STUDY: Nearly Half of SMB Marketers Say Amazon’s Alexa Has More Marketing Potential Than Other Voice Assistants
Uberall study finds that SMBs prefer Alexa over Google Assistant, Siri, Cortana
Uberall, Inc., the location marketing solution for businesses competing to attract and win local brick-and-mortar customers, released a new study about how SMB marketers feel about interactive voice technology. Interactive voice is the 2-way engagement that a consumer has with a voice assistant like Amazon Alexa, Google Assistant or Apple’s Siri. People can use these assistants in many different places like smart speakers, mobile phones, and connected services at home and on the go.
For the study, Uberall commissioned a survey of 300 SMB marketers throughout the U.S. Here’s a closer look at what they found.
Almost half think Amazon Alexa has most marketing potential
The SMB marketers surveyed were asked which mainstream voice assistant they think has the greatest potential for marketing. The results heavily favored Amazon’s Alexa, with 48% believing it will be most useful for marketers. Other responses included: “Google Assistant” (29%), “Apple’s Siri” (17%), “Microsoft’s Cortana” (3%) and “Other” (3%).
“It’s not surprising that SMB marketers think Alexa could find its way into their plans in the near future,” said Florian Huebner, Uberall Co-CEO and Co-Founder. “In terms of its install base, Alexa is the most popular voice assistant today, with many people using it in their daily lives. With its rising scale and growing ecosystem, it’s no wonder so many SMB marketers recognize its potential.”
Voice isn’t a major part of most SMB marketing strategies — but spend is rising
When SMB marketers were asked how their organization’s marketing budget for interactive voice channels is changing, more than one-third (35%) said it was increasing. However, of that group, only 9% said it was “significantly increasing” while one-quarter (26%) said it was “slightly increasing.” Just three percent said it was “slightly decreasing” and 1% said “significantly decreasing.”
Perhaps most noteworthy was that 38% of SMB marketers polled said they don’t do anything with voice.
“With voice technology still in its infancy, it’s possible that SMBs are waiting until it matures — either from a scale or technology point-of-view — before making it a more prominent part of their marketing strategies,” Huebner said. “There is also a learning curve among marketers on best practices and campaign development that is likely stalling investments.”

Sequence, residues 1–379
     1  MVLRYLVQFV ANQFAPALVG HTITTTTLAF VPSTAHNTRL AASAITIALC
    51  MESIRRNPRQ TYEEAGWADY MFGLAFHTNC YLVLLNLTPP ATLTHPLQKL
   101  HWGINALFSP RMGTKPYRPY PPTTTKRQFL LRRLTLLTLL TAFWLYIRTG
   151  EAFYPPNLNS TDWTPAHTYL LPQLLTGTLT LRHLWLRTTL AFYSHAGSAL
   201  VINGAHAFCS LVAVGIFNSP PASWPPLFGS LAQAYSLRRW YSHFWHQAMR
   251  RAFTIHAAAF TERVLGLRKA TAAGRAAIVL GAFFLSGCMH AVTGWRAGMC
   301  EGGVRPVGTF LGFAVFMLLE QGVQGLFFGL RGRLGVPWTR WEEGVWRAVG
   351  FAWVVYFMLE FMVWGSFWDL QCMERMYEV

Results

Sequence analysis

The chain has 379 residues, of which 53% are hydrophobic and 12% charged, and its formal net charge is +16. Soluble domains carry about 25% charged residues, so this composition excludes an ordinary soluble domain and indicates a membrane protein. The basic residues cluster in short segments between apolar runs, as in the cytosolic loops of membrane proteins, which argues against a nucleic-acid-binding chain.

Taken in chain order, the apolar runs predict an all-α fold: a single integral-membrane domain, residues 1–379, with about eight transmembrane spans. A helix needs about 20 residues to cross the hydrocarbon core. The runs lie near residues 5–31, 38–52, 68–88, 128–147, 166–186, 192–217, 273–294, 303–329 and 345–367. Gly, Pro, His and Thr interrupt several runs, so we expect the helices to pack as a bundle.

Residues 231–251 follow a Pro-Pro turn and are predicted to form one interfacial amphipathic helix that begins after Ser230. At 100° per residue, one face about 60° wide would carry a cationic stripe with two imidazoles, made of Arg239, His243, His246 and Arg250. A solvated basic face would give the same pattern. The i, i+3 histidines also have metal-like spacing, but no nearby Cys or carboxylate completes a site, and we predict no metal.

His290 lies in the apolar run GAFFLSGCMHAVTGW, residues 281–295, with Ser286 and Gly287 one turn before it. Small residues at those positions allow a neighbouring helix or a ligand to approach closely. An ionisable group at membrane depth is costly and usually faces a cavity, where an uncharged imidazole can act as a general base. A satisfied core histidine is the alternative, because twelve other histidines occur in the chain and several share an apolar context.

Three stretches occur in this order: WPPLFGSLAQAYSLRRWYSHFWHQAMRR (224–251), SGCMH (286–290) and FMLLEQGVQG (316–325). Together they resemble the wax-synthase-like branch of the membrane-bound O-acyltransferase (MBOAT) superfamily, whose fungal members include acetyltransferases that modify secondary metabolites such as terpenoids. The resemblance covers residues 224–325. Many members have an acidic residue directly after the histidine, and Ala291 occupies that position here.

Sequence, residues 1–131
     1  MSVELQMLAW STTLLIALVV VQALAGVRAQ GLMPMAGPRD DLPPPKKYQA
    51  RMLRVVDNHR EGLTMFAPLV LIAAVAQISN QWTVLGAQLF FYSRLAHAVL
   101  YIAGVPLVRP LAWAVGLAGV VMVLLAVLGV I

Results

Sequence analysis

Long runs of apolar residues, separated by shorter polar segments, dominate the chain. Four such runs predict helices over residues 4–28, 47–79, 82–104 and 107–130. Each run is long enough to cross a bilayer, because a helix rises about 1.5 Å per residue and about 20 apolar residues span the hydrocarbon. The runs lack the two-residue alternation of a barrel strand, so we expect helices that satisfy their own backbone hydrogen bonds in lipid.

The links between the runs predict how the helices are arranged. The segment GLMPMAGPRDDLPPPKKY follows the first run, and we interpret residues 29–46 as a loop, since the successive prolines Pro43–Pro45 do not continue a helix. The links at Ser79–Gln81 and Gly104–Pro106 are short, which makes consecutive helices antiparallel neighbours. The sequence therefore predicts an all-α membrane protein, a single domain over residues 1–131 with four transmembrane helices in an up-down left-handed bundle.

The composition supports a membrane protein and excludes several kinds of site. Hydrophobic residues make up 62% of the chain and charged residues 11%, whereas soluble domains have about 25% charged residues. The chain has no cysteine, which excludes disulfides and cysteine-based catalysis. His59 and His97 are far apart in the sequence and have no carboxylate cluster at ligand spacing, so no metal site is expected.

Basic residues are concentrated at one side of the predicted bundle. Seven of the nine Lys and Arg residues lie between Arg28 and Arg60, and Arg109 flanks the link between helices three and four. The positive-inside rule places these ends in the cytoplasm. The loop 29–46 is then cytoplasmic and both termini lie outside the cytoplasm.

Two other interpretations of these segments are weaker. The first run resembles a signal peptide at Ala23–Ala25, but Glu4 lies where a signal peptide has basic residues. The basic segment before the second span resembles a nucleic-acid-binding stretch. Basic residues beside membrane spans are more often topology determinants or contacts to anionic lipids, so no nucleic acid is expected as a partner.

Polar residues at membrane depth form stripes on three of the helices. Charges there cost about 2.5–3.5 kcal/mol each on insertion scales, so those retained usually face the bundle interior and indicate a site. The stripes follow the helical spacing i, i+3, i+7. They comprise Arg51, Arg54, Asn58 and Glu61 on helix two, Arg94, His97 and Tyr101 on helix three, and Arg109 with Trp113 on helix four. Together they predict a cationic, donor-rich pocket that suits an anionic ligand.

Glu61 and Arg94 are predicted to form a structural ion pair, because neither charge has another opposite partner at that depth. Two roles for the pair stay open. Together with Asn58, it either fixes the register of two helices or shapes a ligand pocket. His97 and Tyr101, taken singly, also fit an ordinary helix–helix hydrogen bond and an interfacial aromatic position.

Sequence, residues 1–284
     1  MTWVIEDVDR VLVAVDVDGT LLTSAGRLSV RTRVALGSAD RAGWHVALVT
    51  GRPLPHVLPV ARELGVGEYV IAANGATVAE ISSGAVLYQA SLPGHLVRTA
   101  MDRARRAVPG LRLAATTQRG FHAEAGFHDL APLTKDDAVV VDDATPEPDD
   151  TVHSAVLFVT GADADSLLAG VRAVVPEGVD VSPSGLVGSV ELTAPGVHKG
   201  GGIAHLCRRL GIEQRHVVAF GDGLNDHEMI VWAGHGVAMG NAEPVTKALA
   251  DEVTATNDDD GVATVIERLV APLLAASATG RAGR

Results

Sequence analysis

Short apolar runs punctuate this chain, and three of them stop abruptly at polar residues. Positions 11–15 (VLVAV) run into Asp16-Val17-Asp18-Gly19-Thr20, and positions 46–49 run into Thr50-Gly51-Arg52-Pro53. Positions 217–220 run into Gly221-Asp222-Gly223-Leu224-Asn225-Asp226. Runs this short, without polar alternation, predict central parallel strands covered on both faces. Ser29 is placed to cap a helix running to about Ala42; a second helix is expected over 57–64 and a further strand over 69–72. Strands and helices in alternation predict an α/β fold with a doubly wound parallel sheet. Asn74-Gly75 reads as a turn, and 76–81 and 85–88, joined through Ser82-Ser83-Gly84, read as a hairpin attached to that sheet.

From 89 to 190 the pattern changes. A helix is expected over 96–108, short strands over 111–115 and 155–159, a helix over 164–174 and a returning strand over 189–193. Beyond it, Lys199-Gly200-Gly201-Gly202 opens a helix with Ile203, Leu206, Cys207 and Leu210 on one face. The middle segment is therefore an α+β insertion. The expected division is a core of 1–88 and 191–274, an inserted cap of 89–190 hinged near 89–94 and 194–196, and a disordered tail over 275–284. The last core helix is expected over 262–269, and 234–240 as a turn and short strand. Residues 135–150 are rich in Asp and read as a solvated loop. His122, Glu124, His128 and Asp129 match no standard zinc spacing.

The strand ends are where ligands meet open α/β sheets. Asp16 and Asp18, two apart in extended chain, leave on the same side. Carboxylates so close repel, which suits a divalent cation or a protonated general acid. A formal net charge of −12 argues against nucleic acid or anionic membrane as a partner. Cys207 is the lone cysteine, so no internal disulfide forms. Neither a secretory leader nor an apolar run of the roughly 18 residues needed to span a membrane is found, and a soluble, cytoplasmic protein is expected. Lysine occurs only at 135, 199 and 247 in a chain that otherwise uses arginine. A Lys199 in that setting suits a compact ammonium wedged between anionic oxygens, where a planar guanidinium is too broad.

More than half would invest in voice if they had better insight into ROI
The respondents were asked what would make their organization invest more in interactive voice marketing. They were asked to select all that apply, and many had multiple answers. The results are as follows: “Better insight into campaign success and ROI” (53%), “more data for campaign targeting and personalization (47%), “lower barrier to entry on the technology side (33%), “more alignment with my performance campaigns” (32%), “deeper/wider integration into the overall product ecosystem (e.g. smart fridges, smart speakers, smart TVs, phones, etc)” (28%) and “other” (10%).
“Understanding ROI for interactive voice continues to be a challenge for marketers,” said Huebner. “As investments in voice rise, the demand for greater clarity on performance will, as well.”
40% of SMB marketers think they should develop their own interactive voice channels
When asked who should be in charge of developing content for interactive voice channels, 40% said “us, the brand/in-house.” The other answers include “creative/content agency” (28%), “other/I’m not sure” (13%), “media-buying agency” (9%), “SEO agency” (7%) and “publisher partners” (3%).
“This is a very new form of marketing, so developing interactive voice content in-house allows SMBs to have a level of control they might not have with third-party vendors,” said Huebner. “It also keeps costs in check. However, most SMBs are just dipping their toe into voice marketing. As their ambitions grow and campaigns become more sophisticated, they will have to outsource more of the development.”